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Why everything that’s not renewable will, sooner rather than later, be too expensive

September 29, 2021, 10:14 AM UTC

Good morning.

The Fortune Global Sustainability Forum convened virtually yesterday, with more than 100 executives from a wide range of companies. The conversations reinforced two trends I’ve written about before in this space: 1) the number of companies making commitments to achieving “net zero” by 2050 or sooner has grown dramatically this year; and 2) even if the true-believer companies remain in the minority, they are having an outsized impact by insisting on so-called “Scope 3” changes throughout their supply chains. Some excerpts:

“What we know is critical in being successful (on sustainability) is doing what companies know how to do well. Once you decide something is a priority, you set clear goals, allocate the resources, put a plan out in front of you—the math and the path, so to speak—and then you hold yourself accountable.”
—Mike Roman, CEO, 3M

“Companies need to think about this from a competitive advantage point of view. We’re going to spend, if we do this right, $3-5 trillion a year globally for the next 30 years. What company wouldn’t want to get that tailwind behind them?”
—Rich Lesser, CEO, BCG

It has to become a way of doing business…We are integrating sustainability into the core commercial operations of our business, so that any initiative we’re working on not only has that traditional financial P&L lens, but also has the sustainability lens as well.”
—Michele Buck, CEO, Hershey’s

“I think when it comes to consumption, the equation of the future has to be that every new material must be circular material.  And everything that’s not renewable will, sooner rather than later, be too expensive, whether that’s driven by taxation or simply because of change in supply and demand.”
—Jesper Brodin, CEO, Ingka Group (IKEA)

“I think nuclear is very important. First of all, do no harm. Please let’s keep the existing fleet alive. Nuclear currently comprises 52% of our clean energy and about 20% of our overall energy and if we allow those to decommission, if there were a push to pull those offline, that would mean that’s obviously so much more clean power, in other ways, we would need to get there.”
—Jennifer Granholm, U.S. Secretary of Energy.

You can read more of Fortune’s coverage of the “Path to Zero,” presented in partnership with BCG, here. Other news below.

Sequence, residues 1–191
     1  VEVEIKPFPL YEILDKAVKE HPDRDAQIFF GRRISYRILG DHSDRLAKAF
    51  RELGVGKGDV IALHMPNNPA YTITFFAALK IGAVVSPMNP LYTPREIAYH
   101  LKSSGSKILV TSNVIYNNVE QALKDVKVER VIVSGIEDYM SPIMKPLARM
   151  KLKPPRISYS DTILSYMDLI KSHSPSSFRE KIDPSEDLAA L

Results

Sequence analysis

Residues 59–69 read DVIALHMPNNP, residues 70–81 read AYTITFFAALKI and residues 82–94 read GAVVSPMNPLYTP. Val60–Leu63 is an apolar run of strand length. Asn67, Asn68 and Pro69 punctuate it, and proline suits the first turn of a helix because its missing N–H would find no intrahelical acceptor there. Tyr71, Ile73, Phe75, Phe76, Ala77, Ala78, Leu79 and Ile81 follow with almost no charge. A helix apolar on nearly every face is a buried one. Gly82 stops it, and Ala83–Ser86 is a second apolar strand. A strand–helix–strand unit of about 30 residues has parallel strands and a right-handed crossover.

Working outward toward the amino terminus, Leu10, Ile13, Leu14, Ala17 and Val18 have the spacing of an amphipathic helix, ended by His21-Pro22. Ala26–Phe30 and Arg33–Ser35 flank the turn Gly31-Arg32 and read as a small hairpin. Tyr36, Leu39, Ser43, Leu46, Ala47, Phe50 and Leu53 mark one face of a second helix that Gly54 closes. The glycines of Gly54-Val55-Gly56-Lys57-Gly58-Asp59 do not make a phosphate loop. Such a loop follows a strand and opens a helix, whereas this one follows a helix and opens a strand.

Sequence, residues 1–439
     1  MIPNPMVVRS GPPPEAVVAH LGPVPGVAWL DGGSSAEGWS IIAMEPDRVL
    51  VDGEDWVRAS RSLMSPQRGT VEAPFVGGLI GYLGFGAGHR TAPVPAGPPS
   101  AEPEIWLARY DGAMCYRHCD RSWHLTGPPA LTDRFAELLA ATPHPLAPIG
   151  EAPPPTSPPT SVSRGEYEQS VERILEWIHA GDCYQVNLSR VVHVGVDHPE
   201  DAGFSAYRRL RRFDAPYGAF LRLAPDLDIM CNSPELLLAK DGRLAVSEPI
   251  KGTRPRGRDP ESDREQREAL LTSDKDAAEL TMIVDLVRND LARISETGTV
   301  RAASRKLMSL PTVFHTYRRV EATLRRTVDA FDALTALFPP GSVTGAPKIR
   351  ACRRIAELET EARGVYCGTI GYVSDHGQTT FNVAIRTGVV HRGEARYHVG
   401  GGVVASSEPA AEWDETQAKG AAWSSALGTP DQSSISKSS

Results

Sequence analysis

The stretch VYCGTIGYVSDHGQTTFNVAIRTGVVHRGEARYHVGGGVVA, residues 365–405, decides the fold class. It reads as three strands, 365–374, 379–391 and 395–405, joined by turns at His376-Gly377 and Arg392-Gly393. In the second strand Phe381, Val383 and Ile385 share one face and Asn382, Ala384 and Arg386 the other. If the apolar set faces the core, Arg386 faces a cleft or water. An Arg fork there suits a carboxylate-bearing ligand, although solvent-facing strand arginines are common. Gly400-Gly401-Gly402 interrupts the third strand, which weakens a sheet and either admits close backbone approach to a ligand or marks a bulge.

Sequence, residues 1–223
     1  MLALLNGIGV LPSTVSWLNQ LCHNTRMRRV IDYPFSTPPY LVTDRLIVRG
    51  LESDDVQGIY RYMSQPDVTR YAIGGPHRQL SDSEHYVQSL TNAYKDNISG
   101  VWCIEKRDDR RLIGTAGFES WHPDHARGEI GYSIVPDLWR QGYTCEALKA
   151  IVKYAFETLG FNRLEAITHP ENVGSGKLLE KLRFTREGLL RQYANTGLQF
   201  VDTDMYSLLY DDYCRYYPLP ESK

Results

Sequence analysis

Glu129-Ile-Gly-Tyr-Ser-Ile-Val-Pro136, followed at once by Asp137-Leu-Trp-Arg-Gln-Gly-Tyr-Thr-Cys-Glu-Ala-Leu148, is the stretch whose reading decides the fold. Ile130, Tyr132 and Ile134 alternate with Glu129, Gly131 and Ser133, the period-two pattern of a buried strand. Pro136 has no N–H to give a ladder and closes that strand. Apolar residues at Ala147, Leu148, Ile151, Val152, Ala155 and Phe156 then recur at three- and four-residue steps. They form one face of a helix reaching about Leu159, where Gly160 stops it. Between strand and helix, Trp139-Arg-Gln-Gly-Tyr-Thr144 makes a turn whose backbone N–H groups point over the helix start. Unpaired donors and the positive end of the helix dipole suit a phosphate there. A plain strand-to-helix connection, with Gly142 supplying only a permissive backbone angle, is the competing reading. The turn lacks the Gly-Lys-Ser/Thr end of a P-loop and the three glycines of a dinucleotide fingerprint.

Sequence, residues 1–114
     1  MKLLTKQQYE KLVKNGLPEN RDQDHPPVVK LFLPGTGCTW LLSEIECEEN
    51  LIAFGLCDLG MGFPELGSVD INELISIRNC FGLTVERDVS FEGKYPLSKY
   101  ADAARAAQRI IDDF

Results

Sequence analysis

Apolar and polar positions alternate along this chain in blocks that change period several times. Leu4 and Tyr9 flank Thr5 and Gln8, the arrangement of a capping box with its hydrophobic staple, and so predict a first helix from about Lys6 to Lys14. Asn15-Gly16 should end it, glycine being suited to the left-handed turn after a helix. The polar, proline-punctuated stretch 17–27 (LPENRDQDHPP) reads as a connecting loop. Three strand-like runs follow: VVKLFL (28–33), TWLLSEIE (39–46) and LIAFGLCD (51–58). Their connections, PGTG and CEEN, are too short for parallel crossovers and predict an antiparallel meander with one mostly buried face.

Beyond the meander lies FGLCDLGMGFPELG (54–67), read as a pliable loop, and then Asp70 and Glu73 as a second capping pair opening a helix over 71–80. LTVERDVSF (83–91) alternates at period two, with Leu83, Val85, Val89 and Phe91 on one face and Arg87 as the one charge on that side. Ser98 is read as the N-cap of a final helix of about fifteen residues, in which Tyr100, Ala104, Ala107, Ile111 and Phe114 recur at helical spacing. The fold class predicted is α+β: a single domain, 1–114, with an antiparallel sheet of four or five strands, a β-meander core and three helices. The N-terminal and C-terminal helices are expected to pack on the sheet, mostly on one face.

Alan Murray


Chinese power

Global supply chains are now being threatened by China's power crunch. Provincial governments are forcing temporary power rationing to meet emissions-reduction targets, though it should also be noted that Chinese power producers are also suffering from coal and gas shortages that make electricity generation unprofitable for them. Fortune

Amazon robot

Amazon has unveiled a home robot called Astro, which can follow you around playing music and podcasts. It can also dance and act as a home security device, presumably not at the same time. The mapping data it generates as it learns your nooks and crannies will be stored on Amazon's servers, in encrypted form. Amazon also announced a "Glow" projector for kids, and a new Echo Show gizmo. Fortune

CNN vs Facebook

After the Australian high court ruled news organizations are liable for defamatory comments on their Facebook pages, CNN has become the first U.S. organization to make its Facebook pages unavailable for users in that country. CNN apparently asked Facebook to help it and other news organizations disable all comments on their pages in Australia, but Facebook refused. CNN: "We are disappointed that Facebook, once again, has failed to ensure its platform is a place for credible journalism and productive dialogue around current events among its users." Wall Street Journal

Musk vs everyone

Elon Musk used a tech-conference interview to lay into: Jeff Bezos's Blue Origin ("If you’re only doing suborbital, then your rocket can be shorter"); the SEC over the issue of crypto ("Short-seller Enrichment Commission"); and the Biden administration ("not the friendliest"). On flying into space himself: "I suppose I will at some point." Fortune


Japanese PM

The next Japanese prime minister will be Fumio Kishida, a former foreign minister who was today elected as leader of the ruling Liberal Democratic Party (LDP). Prime Minister Yoshihide Suga is quitting after a mere year in the role, and Kishida will replace him on Monday, before contesting a national election at the end of November. Al Jazeera

Myanmar economy

Myanmar's currency, the kyat, has fallen more than 60% against the U.S. dollar in the last four weeks. The economy is tanking as armed militias step up clashes with the army and COVID-19 sweeps through the country. All bad news for the junta that staged a coup eight months ago. Reuters

EV batteries

Electric-vehicle batteries may have a big green mission, but their own supply chains are not particularly sustainable. So the race is on to find alternatives that use less or no cobalt, or that use hydrogen fuel cells instead of lithium-ion batteries. Fortune

Cleantech VC

The cleantech space, particularly so-called climate tech, is seeing a surge of funding at the moment. But unlike the previous investment boom in renewable energy, which lost billions for some VCs, there's more money sloshing around this time—and, thanks to ever-increasing net-zero pledges, a more robust customer base. Fortune

This edition of CEO Daily was edited by David Meyer.

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